As some of our readers might know, Realm of History is based on the philosophy that the destiny of mankind’s future endeavors is, often times, guided by the workings of our past. Now, a research by plant biologists from the University of Western Australia has corroborated this belief, while also shedding light on the highly accurate and effective wheat farming practices of the ancient Romans. Published recently in the Scientific Reports journal, the study highlights the impact of rising temperatures on wheat crops, something that the Romans already predicted more than 2,000 years ago.
Essentially, what the scientists have discovered is that wheat is among the crops most susceptible to damage from flooding as a result of Earth’s rising surface temperatures. The damage, according to the team, is caused mainly due to the plant’s inadequate access to oxygen.
As part of the study, lead researcher Dr. Shaobai Huang and his colleagues at the UWA’s ARC Centre of Excellence in Plant Energy Biology looked at the various cellular mechanisms that different types of wheat plants rely on to cope with a lack of oxygen. He explained –
We tested the plants at 15°C to 28°C, and we found a dramatic negative impact on how well wheat plants recovered from a lack of oxygen under the higher temperatures. Not only is temperature arguably more important than the type of wheat, but small temperature changes can make a huge difference. At 20°C they were fine but at 24°C they suffered really badly.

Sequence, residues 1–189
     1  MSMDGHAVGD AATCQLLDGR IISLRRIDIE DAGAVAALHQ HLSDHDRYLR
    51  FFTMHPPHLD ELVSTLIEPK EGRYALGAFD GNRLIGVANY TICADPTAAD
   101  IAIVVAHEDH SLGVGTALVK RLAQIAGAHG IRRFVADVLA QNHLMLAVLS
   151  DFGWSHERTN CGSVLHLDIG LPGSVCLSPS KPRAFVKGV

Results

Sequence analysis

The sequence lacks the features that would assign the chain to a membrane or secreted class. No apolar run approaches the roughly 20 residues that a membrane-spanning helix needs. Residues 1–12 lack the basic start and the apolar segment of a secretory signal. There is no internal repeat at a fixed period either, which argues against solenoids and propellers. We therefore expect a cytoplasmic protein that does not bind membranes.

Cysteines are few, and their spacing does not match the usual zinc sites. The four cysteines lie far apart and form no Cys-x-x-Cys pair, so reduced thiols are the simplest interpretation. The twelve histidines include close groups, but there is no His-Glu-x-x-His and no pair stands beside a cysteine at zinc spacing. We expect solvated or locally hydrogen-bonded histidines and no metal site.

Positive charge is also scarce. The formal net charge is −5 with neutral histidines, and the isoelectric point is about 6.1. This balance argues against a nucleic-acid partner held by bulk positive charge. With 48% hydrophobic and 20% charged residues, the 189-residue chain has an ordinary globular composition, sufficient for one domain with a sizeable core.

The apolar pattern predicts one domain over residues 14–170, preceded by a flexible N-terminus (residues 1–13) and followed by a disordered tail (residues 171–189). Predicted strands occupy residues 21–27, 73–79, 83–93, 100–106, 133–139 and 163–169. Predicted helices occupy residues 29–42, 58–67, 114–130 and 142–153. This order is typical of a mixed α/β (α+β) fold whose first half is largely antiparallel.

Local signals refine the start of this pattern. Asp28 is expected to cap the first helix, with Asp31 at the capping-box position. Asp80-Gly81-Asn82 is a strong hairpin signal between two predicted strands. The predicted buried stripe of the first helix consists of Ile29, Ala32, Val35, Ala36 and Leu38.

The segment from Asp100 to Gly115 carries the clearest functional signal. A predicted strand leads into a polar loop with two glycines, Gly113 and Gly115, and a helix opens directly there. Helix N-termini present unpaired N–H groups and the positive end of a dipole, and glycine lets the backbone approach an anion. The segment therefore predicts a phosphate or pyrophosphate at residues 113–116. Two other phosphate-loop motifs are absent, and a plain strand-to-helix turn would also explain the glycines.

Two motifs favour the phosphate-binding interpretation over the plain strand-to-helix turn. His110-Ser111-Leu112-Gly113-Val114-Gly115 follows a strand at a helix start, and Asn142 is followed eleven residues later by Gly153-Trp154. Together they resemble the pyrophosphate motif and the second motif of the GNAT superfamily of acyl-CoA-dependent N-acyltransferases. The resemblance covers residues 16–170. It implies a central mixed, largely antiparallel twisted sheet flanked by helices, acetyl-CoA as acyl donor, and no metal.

So, basically, climate change affects wheat production in two ways: increasing temperatures and a higher likelihood of flooding.
Elaborating further, Professor Harvey Millar, the director of ARC Centre of Excellence in Plant Energy Biology, stated –
This research shows that we don’t need temperatures to rise at the hottest part of the year to have a big impact on our crops. It might just be the difference between having a cool spring or a warm spring.
Cato’s Highly Accurate 2,100-Year-Old Predictions About Wheat Farming
Interestingly, during the course of the study, the team stumbled upon a Roman farming handbook that mentions the same effect. Touted as the oldest surviving complete work of Latin prose, De Agri Cultura by Cato the Elder is a treatise on agriculture composed in circa 160 BC.
It is a practical handbook on the cultivation of grape vines and olives as well as the grazing of livestock. The work’s historical significance lies in the fact that it details the transition from small landholdings to capitalistic farming in Latium, the region in central western Italy where the city of Rome was founded, and Campania in southwestern Italy.
The essay also contains information about some of the old customs and superstitions of Romans. In the book, Cato suggests that, while it is safe to leave rainwater on wheat fields through the cold parts of winter, it needs to be removed by spring to prevent damage to the crops.
While the sound wheat farming advice of the ancient Romans points to their excellent knowledge of agriculture, Professor Millar believes that the newly-acquired understanding of the mechanism within the wheat cells means that effective solutions to the problem are imminent. He concluded –
The Romans knew the problem but they didn’t have any way to try and find a solution, other than to drain the field. Today we now know that amino acids play an important role in how plants respond to a lack of oxygen. Based on this new research we may be able to come up with a breeding solution because after 2000 years we finally understand the mechanism behind the damage to wheat.
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